Instacast has reduced the entry fee of their app from $1.99 to $0.99, giving everybody access to base features for just a dollar. An additional $1.99 in-app purchase adds per-subscription settings, the ability to add playlists, bookmark features, and true push-notifications for new episodes via an in-app purchase. The IAP (dubbed Instacast Pro) allows the developer to maintain Instacast, its web service, and the backend required to maintain push-notifications and the podcast directory.
Lots of negativity has cropped up around the IAP model. From what I can tell, asides from sorting in the pre-created smart playlists, no features have been removed or supplanted by the IAP (you’re not paying for an old feature again) — you’re only adding additional functionality. Push notifications in particular seem to be a hot topic of discussion. Push notifications were first added to Instacast HD on the iPad — local notifications on the iPhone prompted users about podcast status. Instacast 1.x on the iPhone simply notified users if new episodes were available via a notification if they left the app while it was refreshing subscriptions in the background. I haven’t had post-upgrade problems during my review, but I know the developer is adamant on solving any issues (which seem to be with older iPhones from what I saw on Twitter).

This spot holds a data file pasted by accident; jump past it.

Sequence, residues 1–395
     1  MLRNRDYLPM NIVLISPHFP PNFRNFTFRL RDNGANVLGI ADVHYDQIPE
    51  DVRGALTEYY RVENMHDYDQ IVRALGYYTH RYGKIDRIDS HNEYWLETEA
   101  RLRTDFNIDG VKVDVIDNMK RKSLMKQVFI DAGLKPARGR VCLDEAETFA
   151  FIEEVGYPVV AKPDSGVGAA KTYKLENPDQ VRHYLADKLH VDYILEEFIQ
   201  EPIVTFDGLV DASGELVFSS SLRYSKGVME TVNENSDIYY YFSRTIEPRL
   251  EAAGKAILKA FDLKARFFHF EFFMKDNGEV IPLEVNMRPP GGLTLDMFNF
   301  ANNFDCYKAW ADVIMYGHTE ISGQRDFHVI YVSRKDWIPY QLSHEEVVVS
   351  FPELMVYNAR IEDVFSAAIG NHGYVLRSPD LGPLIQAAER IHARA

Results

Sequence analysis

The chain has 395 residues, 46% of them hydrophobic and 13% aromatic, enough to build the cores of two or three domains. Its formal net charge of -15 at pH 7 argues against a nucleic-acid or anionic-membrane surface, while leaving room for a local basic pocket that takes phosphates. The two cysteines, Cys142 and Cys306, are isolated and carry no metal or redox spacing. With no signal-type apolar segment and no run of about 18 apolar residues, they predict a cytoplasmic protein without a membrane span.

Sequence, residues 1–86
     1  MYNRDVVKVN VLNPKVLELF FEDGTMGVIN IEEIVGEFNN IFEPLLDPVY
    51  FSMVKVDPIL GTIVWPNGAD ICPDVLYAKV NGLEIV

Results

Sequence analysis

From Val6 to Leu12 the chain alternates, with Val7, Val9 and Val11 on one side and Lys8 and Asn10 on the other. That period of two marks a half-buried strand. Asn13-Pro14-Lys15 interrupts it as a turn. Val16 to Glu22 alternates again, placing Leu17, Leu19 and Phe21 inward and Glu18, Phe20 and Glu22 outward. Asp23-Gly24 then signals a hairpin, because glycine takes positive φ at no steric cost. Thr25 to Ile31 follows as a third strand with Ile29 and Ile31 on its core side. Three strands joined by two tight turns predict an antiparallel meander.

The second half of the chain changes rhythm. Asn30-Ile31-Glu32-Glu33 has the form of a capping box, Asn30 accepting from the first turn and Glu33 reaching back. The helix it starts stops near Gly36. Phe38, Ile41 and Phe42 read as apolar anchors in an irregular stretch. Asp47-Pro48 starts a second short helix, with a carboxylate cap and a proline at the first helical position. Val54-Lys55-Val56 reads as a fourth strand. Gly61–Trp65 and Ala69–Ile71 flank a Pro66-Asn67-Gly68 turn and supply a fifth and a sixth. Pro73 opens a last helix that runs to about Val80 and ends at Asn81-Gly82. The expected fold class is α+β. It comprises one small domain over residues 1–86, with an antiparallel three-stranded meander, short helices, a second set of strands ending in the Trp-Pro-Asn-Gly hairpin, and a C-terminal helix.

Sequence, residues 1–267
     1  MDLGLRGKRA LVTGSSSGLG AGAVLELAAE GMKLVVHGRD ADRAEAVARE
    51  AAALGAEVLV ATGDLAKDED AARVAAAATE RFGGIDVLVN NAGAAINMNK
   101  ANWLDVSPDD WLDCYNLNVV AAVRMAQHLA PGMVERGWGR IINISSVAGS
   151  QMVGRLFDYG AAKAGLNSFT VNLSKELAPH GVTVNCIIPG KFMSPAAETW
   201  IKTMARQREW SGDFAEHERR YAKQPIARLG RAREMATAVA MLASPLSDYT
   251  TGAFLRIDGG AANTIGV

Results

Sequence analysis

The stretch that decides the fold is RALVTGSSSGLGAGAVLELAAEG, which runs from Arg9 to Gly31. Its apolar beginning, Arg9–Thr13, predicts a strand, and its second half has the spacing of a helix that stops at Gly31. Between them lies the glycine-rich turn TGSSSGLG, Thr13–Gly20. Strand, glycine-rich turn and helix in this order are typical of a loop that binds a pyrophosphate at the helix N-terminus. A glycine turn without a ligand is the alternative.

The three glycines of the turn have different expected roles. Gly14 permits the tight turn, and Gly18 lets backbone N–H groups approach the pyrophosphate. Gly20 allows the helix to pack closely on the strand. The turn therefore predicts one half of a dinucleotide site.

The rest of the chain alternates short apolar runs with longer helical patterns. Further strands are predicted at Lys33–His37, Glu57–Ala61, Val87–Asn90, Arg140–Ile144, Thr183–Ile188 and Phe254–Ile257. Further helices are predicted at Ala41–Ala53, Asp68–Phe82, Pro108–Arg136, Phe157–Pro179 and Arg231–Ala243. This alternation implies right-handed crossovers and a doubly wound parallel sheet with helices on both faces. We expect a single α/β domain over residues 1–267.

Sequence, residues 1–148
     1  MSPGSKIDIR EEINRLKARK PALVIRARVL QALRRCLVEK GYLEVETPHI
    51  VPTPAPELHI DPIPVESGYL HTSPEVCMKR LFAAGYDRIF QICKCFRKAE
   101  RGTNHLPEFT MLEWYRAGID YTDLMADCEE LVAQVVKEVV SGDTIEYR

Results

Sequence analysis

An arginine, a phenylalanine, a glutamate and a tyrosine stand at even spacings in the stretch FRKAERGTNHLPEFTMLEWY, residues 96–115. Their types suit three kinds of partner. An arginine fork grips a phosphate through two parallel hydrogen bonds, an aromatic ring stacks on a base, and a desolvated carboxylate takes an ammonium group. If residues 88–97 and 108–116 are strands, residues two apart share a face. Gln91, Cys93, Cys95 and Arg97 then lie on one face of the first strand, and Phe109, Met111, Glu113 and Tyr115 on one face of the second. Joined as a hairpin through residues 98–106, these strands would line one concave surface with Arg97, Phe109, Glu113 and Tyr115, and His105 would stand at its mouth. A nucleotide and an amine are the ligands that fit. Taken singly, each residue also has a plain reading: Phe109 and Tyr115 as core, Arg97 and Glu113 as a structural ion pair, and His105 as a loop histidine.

I get asked a lot (especially in comments) about why I use Instacast over other podcatchers. Apple’s podcast solution, which I used before Instacast, was sorely lacking in every capacity. Apple’s podcast player is good for playing a podcast or two, but is empty of any management features. At the time, I did not like managing podcasts through iTunes or downloading episodes from the iTunes Store. Competitors challenge Instacast on price and features, but none of them have an interface I’m happy with. Many readers have me asked me to review other podcatchers — I’ve tooled with them — but Instacast has always been the app that I’m really happy with. I’m not saying other podcatchers are bad, but I am saying that Instacast has a great interface and provides the quickest path to streaming podcasts for me. The same arguments apply to my choice of RSS reader and Twitter client. Instacast’s developer has been the most vocal about pushing podcast standards recently, and I’m behind both the push towards better podcasts and the openness on Vemedio’s blog.
Instacast 2.0 is a solid update that provides a solid foundation for listening to podcasts exactly the way you want to. I couldn’t be happier with my 5by5 playlist for example: playing After Darks immediately after each show is made much easier thanks to per-subscription settings and improved continuous playback. Ninety-nine cents is an incredibly low entry price to get most of what Instacast has to offer, while an additional $1.99 adds pro features that may segment the user base, but give every customer the option of choosing whether or not they need extra features (a user who streams three or four podcasts irregularly may never need to use playlists). Instacast 2.0 is available in the App Store, while pro features can be purchased in the settings.